Around The Yard: Taylor Gavula

Returning to for a fourth season, "Around The Yard: Life As A Harvard Student-Athlete" explores life away from the playing fields for select Harvard student-athletes through their own first-person narrativeFor a full list of blog entries, click here.

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Taylor Gavula
April 18, 2018

When I say my team is like a family, most people think that it’s some cliché all athletes say. But how are we not exactly like one? Between hours of practice, van rides, weekend regattas, spring break, and hotel rooms, I spend more time with sailors than my block-mates – who I actually live with.

Sailors have been my support system from the minute I stepped onto campus my freshman year. I felt like I already somewhat knew the ins and outs of Harvard: how to pick interesting classes, what “The Berg” was, and that no, you really can’t just study the night before your midterm and expect to do well. I felt welcomed and unique in a place where I was surrounded by some of the most interesting and intelligent people in the world. 

While all athletes can probably attest to this immediate feeling of inclusivity, I know that it is especially strong among the sailing team. Although I was a recruited athlete, one of only two recruits for sailing’s class of 2019, our junior class is ten-strong. The remaining eight are comprised of experienced high school sailors who chose not to go through the recruitment process to people who have never set foot in a dinghy until that fateful day in August when a smiling face handed them a flyer at the activities fair, saying “Walk on to the Harvard Varsity Sailing Team! No experience necessary, and it’s loads of fun.”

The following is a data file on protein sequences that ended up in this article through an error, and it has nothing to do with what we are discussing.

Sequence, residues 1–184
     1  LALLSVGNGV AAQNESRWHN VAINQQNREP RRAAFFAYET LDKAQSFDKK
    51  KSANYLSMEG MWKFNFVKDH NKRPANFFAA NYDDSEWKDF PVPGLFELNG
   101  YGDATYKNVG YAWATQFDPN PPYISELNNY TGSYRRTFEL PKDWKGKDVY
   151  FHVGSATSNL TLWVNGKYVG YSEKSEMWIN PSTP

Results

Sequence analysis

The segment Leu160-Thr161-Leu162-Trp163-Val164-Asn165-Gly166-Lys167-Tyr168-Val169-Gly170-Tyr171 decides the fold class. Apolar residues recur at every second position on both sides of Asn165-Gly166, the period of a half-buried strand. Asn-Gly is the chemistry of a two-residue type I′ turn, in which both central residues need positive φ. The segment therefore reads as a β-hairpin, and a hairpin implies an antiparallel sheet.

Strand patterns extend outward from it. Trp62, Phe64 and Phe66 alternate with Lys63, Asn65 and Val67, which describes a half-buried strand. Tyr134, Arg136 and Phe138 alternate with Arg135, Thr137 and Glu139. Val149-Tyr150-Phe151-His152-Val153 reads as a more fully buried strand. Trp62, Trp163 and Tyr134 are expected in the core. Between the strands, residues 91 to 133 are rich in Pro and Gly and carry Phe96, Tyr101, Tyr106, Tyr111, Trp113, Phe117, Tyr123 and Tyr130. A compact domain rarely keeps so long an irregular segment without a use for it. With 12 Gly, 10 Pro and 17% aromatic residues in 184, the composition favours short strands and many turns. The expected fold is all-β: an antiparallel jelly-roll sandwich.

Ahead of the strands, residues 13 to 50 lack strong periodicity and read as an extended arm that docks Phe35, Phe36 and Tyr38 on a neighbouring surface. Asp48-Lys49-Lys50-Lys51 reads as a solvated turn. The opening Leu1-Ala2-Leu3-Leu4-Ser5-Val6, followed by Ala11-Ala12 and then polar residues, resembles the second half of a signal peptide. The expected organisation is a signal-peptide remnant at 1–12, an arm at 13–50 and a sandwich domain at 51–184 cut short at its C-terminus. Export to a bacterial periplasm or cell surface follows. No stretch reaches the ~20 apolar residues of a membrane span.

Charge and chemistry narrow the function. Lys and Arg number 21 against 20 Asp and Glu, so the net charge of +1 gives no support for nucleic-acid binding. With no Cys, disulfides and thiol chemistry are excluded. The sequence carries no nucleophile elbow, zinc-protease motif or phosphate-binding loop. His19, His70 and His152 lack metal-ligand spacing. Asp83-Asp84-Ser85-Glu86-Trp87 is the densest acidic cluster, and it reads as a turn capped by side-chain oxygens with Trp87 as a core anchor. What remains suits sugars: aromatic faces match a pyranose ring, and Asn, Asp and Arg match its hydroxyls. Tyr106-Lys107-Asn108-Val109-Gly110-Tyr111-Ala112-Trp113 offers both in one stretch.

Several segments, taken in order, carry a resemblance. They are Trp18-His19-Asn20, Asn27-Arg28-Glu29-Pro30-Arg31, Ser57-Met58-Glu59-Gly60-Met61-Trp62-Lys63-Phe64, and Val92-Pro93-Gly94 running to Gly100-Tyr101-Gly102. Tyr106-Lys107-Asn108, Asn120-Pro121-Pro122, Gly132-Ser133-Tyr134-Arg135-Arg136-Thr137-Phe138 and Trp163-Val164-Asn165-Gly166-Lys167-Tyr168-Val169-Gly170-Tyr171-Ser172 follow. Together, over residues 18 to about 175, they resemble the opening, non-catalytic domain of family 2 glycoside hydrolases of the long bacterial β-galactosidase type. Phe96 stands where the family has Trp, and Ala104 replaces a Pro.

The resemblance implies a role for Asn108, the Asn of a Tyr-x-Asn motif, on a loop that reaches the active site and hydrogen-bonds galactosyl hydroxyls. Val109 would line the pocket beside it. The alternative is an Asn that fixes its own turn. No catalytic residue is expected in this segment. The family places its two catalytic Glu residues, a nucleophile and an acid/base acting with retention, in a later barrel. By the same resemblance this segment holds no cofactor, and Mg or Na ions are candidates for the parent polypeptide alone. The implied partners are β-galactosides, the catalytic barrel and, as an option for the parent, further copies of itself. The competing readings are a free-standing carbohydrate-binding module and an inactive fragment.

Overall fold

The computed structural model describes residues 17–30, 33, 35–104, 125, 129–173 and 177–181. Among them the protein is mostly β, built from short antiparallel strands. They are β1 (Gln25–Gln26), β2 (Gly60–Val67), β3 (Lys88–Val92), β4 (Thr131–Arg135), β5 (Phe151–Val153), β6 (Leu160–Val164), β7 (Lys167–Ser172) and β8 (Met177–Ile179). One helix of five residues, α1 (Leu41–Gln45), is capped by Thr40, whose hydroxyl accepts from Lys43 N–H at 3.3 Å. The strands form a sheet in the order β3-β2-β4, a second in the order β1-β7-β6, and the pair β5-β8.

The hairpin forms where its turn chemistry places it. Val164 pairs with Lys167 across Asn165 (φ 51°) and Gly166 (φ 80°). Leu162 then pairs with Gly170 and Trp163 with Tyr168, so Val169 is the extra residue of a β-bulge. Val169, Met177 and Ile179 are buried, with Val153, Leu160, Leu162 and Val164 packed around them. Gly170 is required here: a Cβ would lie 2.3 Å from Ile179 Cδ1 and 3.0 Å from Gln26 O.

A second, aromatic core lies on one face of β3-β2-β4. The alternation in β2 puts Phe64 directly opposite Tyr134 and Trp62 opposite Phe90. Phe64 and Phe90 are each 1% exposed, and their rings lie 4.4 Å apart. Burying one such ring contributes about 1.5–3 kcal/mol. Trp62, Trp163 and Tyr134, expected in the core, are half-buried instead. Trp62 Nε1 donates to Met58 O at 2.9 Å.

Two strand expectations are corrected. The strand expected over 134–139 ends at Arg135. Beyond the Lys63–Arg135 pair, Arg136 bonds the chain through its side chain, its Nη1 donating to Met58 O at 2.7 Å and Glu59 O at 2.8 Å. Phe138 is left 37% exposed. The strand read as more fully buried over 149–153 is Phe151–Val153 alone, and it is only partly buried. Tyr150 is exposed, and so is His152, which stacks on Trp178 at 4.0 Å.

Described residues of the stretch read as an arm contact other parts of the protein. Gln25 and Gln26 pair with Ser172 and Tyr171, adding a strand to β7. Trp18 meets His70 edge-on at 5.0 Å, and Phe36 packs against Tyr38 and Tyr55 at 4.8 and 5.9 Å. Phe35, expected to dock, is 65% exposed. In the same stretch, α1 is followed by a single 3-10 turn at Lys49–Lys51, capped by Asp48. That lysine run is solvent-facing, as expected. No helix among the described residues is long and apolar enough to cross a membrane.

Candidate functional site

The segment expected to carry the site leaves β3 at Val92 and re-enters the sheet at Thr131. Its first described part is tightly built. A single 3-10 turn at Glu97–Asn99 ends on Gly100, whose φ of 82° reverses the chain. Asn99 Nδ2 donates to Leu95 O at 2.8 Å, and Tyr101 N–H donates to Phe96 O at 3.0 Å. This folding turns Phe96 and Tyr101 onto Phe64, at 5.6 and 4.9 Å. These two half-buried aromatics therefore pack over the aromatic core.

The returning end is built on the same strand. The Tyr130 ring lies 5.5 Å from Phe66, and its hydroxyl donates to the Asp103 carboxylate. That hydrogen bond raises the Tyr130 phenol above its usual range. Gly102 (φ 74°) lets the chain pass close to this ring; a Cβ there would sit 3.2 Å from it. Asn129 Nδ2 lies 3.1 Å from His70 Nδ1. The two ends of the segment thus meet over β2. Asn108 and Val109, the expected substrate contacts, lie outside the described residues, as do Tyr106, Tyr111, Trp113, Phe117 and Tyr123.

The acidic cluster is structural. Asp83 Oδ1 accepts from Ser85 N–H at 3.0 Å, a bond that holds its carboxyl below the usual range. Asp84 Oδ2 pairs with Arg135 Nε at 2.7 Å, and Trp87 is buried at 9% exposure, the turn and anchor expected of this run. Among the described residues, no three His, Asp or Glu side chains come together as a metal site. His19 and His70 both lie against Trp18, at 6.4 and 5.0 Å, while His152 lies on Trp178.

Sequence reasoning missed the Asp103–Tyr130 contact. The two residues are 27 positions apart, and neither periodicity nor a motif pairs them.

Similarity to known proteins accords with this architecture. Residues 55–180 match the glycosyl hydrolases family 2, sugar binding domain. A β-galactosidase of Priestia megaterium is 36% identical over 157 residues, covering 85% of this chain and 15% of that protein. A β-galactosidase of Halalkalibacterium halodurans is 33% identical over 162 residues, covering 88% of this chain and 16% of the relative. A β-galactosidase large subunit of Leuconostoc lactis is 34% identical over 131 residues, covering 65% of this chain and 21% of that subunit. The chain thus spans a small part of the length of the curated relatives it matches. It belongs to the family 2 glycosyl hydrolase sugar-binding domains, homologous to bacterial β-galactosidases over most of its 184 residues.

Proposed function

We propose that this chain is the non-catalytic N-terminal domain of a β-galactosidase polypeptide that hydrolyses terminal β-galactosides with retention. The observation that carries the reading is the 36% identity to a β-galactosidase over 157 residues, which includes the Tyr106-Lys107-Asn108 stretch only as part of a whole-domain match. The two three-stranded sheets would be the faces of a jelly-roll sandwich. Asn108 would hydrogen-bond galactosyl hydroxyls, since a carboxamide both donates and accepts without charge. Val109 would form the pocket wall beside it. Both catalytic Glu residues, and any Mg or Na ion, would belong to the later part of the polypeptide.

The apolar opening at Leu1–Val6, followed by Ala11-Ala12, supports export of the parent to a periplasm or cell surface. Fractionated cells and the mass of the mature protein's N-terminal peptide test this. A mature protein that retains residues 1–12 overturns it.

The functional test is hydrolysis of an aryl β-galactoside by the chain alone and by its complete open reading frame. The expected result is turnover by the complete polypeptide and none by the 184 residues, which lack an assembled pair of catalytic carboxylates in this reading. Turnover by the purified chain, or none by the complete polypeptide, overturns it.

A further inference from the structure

The commitment and dedication that people who have never sailed before college display on this team is incredible. Growing up sailing in the summer in New Jersey, I know first-hand what beautiful, fair-weather sailing is – and it’s far from what we practice in in February on the Charles. Grueling sideways snow, gale-force winds, and brain-freezes from being splashed by the sub-freezing river are not exactly the selling points we mention in late August when it comes to recruiting walk-ons. Nevertheless, our team is incredibly resilient, hard-working, and committed not only to the overall success of the team, but to the diversity of extracurriculars and concentrations that we represent. 

I know that without my teammates, I would not be the person I am every day. If it weren’t for late-night interview prep from one of my teammates, I would never have landed my finance internship. If it weren’t for my fellow quad sailors, the walk back from afternoon lift in January would have been miserable. If it weren’t for my teammate who was also a CS50 TF who gave up a Sunday evening to help me study for an exam, I wouldn’t have understood half of what was going on in the class. These people have helped me grow as a sailor, but more importantly, as a person. 

And, while you might have heard the unfortunate news about our boathouse sinking, that hasn’t stopped us from training our hardest this season so that we’re ready for Nationals Qualifiers. Boathouse or no boathouse, we came into this season with goals and they’re not going to change. Like a family, the team sticks together for the good times and nice weather, but we push through adversity and nor’easters together as well.